Background and Objective: Noninvasive middle and inner ear imaging using optical coherence tomography
(OCT) presents some unique challenges for real-time, clinical use in animals and humans. The goal of this study
was to investigate whether OCT provides information about the middle and inner ear microstructures by
examining extratympanic structures.
Materials and Methods: Five mice and rats were included in the experiment, and the swept-source OCT system
was tested to identify the middle and inner ear microstructures and to measure the length or thickness of various
Results: It was possible to see middle ear structures through the tympanic membrane with the OCT instrument
located extratympanically in both rats and mice. We could also obtain the inner ear images through the otic
capsule in the mice, but the bulla needed to be removed to visualize the inner ear structures in the rats. The
whole apical, middle and basals of the cochlea and the thickness of the otic capsule covering the cochlea could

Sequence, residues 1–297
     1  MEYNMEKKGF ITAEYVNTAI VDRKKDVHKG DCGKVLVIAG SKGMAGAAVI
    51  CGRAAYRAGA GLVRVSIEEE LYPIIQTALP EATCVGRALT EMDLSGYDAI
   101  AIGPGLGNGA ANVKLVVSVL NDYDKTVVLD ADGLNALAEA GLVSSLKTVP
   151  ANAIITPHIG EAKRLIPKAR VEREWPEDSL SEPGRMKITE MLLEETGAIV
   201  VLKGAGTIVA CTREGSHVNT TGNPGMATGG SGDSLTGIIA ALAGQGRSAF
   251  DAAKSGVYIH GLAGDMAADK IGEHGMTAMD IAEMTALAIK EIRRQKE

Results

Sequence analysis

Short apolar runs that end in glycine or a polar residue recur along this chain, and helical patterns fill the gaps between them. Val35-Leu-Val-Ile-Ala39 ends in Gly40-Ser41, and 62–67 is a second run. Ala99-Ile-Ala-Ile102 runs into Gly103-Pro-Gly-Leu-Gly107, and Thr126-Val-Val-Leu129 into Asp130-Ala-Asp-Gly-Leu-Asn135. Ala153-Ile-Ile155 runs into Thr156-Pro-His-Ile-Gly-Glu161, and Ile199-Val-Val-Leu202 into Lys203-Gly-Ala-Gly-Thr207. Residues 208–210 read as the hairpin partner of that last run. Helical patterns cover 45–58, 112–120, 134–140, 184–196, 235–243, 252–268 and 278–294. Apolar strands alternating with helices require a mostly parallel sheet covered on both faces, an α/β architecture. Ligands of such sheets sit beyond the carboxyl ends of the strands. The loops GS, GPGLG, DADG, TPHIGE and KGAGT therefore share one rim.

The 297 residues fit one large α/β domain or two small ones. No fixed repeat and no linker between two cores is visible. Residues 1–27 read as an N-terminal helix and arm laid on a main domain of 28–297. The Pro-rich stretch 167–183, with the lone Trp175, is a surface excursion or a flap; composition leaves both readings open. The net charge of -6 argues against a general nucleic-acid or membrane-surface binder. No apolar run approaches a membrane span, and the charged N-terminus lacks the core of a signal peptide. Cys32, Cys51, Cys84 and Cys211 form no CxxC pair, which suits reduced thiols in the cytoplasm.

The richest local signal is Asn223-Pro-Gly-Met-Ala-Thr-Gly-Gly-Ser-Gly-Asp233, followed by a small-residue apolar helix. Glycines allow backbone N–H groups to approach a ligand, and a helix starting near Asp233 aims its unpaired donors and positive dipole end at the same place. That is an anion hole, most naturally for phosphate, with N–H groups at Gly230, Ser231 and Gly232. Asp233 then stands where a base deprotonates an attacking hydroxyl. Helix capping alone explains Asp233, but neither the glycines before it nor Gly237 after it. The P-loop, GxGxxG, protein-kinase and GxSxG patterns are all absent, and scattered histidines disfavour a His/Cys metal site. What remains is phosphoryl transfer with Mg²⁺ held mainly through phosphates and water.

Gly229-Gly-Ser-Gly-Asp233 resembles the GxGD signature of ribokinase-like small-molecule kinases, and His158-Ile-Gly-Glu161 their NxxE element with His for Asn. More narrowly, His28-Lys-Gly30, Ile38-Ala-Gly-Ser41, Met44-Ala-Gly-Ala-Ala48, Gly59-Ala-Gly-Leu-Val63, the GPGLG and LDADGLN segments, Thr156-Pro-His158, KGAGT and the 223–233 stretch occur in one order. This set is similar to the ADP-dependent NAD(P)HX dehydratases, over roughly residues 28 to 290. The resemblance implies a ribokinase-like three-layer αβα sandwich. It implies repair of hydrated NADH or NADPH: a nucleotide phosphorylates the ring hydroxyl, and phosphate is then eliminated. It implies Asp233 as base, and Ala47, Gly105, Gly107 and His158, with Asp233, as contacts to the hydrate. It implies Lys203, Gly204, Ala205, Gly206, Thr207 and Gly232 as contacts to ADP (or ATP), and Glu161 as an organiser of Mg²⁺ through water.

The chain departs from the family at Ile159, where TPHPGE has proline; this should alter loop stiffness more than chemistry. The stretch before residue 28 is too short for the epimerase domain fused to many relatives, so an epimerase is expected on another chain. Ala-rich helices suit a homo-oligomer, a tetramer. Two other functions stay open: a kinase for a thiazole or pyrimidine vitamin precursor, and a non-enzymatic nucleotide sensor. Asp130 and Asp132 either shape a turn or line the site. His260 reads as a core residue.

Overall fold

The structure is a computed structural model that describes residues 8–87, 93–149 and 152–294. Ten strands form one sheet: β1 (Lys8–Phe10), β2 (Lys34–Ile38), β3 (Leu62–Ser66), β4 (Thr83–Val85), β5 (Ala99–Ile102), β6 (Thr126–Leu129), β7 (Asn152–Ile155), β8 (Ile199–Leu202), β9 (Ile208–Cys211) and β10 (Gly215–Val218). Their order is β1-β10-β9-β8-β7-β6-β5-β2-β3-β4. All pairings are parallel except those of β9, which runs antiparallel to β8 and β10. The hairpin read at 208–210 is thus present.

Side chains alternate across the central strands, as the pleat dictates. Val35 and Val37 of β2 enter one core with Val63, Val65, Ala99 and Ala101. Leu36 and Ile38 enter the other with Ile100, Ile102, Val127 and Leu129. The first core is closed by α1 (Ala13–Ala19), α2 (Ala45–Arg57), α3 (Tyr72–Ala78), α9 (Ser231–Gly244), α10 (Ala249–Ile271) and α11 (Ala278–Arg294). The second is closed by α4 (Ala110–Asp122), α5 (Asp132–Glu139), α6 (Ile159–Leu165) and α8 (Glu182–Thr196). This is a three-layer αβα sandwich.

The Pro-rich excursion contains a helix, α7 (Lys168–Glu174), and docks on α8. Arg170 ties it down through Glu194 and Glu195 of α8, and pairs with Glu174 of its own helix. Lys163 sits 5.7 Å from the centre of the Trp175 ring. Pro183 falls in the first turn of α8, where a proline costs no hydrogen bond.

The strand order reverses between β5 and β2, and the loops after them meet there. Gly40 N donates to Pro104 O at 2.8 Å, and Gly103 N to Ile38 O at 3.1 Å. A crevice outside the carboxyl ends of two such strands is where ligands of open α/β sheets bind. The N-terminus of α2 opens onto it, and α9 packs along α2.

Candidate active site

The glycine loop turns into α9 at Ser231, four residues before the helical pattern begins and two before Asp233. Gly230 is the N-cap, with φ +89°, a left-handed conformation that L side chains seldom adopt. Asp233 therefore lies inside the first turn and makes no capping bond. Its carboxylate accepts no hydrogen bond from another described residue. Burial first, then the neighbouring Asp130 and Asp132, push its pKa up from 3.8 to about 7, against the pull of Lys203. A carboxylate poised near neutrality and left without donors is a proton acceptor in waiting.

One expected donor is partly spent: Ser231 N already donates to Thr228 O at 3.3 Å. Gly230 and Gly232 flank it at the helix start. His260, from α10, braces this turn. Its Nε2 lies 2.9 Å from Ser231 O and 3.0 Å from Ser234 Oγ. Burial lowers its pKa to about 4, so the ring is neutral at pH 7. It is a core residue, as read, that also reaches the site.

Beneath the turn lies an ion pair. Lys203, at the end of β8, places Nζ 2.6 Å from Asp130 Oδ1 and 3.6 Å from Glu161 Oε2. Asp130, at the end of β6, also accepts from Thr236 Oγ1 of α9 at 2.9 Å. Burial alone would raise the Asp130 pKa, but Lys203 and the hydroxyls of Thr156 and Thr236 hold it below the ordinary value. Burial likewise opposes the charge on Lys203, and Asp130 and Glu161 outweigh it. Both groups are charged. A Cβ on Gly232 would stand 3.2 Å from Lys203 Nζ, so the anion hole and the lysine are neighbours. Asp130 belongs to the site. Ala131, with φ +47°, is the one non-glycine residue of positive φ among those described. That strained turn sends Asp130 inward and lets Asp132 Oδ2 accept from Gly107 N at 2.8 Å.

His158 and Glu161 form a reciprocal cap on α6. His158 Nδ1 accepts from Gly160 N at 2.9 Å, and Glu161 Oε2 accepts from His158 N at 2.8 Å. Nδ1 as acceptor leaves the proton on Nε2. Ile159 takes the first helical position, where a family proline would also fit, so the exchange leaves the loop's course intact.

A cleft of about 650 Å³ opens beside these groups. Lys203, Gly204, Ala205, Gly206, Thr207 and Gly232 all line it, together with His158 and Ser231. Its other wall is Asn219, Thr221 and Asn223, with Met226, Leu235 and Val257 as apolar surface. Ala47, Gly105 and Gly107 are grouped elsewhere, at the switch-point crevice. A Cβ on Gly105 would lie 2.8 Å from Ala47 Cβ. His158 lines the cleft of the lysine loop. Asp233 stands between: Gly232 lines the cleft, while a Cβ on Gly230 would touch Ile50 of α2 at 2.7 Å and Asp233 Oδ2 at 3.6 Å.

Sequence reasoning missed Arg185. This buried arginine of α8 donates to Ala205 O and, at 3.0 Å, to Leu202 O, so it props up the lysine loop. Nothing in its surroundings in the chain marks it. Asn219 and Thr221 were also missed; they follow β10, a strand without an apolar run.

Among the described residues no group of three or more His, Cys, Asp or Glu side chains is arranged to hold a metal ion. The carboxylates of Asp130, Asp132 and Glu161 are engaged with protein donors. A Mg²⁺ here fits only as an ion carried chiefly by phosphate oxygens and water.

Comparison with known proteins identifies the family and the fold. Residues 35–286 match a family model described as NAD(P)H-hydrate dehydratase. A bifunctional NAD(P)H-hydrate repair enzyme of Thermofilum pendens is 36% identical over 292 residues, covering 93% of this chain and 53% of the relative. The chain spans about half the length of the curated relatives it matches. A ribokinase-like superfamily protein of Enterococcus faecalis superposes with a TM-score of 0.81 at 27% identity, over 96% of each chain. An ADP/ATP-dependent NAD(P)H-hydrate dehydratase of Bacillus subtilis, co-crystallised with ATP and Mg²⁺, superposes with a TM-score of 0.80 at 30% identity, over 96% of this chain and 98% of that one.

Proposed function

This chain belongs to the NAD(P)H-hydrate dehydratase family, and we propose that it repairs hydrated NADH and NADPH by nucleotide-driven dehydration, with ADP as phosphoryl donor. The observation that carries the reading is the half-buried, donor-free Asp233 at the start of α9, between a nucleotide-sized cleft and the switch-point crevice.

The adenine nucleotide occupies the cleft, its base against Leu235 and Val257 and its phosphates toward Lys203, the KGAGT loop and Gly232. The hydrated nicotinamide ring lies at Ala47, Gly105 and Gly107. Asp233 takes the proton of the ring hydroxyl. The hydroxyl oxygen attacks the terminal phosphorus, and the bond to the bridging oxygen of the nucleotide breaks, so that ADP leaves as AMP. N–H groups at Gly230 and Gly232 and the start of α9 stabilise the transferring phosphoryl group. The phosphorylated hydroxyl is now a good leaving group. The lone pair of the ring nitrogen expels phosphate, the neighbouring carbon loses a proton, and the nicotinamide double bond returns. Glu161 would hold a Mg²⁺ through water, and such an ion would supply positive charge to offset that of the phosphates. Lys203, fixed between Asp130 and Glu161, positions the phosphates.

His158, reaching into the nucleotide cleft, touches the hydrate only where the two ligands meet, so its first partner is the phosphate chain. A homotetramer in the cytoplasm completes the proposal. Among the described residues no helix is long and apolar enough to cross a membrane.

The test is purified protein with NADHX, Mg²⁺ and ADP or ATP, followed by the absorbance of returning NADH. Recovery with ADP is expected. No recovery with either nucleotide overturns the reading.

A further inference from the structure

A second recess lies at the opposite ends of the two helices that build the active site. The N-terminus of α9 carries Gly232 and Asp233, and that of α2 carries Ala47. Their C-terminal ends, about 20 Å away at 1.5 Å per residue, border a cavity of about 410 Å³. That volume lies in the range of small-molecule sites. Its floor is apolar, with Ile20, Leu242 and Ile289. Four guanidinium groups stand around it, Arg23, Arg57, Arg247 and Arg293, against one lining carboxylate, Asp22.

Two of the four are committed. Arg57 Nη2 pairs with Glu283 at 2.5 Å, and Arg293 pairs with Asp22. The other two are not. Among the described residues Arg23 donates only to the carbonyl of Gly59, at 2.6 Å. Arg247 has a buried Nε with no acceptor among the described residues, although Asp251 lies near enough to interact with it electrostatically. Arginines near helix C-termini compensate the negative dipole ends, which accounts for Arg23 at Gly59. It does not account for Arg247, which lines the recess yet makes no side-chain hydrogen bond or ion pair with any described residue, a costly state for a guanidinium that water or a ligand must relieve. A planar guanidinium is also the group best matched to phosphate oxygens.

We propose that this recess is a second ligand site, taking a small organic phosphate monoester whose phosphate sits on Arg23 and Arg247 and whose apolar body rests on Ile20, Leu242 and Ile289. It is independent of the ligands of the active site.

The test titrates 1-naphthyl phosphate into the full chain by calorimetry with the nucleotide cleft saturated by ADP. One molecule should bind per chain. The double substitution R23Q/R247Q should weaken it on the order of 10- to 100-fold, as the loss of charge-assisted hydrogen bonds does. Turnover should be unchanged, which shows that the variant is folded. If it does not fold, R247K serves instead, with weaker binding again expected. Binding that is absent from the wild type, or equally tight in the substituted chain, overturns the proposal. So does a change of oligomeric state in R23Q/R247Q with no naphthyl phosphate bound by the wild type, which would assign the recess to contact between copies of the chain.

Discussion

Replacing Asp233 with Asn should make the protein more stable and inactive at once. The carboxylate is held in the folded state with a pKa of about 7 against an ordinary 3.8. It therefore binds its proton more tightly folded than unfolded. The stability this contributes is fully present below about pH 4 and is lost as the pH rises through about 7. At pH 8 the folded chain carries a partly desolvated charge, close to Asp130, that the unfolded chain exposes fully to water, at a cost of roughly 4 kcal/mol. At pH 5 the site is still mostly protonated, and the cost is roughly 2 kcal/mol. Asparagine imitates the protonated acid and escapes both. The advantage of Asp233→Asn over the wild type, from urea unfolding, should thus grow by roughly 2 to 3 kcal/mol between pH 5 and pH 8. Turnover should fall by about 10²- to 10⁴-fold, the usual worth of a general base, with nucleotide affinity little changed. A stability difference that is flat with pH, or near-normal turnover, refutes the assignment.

be visualized simultaneously.
Conclusions: OCT is a promising technology to assess middle ear and inner ear microanatomy noninvasively in
both mice and rats. OCT imaging could provide additional diagnostic information about the diseases of the
middle and inner ear.
Se-Joon Oh, Il-Woo Lee, Soo-Geun Wang, Soo-Keun Kong, Hong-Ki Kim, and Eui-Kyung Goh, "Extratympanic imaging of middle and inner ear structures of mouse and rat using optical coherence tomography," Proc. SPIE 10039, Optical Imaging, Therapeutics, and Advanced Technology in Head and Neck Surgery and Otolaryngology, 1003903 (Presented at SPIE BiOS: January 28, 2017; Published: 7 February 2017); https://doi.org/10.1117/12.2249026.
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